As part of our efforts in helping with Hurricane Sandy restoration efforts, the Energy Department is working closely with other federal partners, state and local authorities, and private industry partners to get generators and fuel to gas stations that need it.
Among these partners is a group of high school students in New Jersey. Starting with a few students, dozens eventually gathered at Franklin High School in New Brunswick to use the online mapping service Mappler to publish information on open gas stations with available fuel. Not only is the data these students are collecting now available on Mappler, it is being fed directly into Google’s Crisis Map. Thousands of people have since used these services to find information for their fueling needs.
“The experience has been a rollercoaster ride. I could have been playing video games, but instead I am helping to make a difference in this world. This project has united us all,” said Josue Serrano, one of the students involved in the Mappler effort.
Participants are gathering information for their Mappler app from personal observation, calling local gas stations, media reports, and updates from other social media users on sites like Facebook and Twitter. Quality, up-to-date data can significantly lower wait times for drivers and it can also assist in commercial and government efforts to direct power and fuel resources to the areas most in need.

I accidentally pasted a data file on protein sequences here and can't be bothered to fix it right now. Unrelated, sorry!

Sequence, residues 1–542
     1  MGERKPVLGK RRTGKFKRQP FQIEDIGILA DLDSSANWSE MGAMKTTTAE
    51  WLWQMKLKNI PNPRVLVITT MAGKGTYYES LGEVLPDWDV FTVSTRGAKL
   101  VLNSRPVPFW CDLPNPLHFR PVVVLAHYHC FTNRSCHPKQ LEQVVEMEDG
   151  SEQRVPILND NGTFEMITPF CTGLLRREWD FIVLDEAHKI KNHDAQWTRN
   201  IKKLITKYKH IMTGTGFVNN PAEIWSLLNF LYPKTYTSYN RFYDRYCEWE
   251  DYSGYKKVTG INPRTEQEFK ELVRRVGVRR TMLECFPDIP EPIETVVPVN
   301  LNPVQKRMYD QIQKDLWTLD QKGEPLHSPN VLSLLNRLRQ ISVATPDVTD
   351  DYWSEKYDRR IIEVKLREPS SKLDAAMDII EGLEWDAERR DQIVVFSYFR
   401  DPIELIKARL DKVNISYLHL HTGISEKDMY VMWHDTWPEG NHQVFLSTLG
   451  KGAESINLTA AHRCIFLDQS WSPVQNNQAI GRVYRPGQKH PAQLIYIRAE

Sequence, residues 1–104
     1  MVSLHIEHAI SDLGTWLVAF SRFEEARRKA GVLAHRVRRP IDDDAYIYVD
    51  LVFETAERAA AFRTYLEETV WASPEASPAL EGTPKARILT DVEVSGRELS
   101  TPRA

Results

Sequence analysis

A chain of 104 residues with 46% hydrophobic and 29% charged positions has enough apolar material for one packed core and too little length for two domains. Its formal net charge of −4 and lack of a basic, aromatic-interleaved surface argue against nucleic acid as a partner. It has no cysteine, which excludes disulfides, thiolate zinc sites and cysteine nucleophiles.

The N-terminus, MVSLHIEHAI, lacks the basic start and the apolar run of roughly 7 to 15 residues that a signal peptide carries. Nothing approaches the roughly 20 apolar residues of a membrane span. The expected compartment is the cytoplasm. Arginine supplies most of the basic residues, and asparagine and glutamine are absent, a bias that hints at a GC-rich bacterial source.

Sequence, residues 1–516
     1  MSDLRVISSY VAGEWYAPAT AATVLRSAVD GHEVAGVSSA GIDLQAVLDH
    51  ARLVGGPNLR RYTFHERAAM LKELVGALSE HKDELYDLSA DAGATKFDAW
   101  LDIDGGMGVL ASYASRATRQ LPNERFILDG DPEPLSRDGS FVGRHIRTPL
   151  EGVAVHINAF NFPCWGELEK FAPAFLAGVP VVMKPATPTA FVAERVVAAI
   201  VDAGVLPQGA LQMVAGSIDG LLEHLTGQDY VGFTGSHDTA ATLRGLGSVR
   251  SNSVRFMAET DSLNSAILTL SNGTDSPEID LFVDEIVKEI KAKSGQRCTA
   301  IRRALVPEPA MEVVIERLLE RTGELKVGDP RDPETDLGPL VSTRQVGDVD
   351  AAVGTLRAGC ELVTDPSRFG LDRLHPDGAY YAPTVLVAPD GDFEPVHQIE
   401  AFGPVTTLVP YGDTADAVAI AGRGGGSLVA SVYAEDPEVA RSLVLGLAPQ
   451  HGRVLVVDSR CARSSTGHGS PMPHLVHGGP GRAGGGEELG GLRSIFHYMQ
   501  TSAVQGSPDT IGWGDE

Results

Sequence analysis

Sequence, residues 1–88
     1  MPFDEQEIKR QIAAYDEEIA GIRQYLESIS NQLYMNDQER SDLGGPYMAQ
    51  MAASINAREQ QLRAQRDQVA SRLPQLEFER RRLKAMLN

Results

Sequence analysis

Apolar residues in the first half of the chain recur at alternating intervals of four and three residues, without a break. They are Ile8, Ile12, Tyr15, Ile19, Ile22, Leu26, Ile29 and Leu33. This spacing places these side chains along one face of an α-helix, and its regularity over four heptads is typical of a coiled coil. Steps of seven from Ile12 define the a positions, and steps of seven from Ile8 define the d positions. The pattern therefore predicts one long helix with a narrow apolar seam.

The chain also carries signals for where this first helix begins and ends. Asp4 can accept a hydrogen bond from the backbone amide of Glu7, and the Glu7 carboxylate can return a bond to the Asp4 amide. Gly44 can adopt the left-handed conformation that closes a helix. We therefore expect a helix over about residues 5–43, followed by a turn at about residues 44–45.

The Franklin High students had already been working with Mappler and other online programs through a youth community mapping initiative called IMSOCIO. Dr. Wansoo Im, a Rutgers University professor, mentors the students and helped connect the Mappler data with other Energy Department resources such as the creation of a gas station call center.
“I am so proud that they are making a difference,” says Dr. Im. “IMSOCIO students have been using Mappler for the past two years to learn how technology can serve our communities via participatory mapping.”
Other technology-minded organizations working behind-the-scenes to help in recovery and response efforts following Hurricane Sandy include mobile apps like Waze and GasBuddy, other educational institutions like University of Washington, and technical communities like Hurricane Hackers and Crisis Commons. These groups demonstrate the best of American innovation and commitment to community.
Editor's Note: The Department of Energy is featuring applications and companies leveraging open data and does not endorse any product or service provided.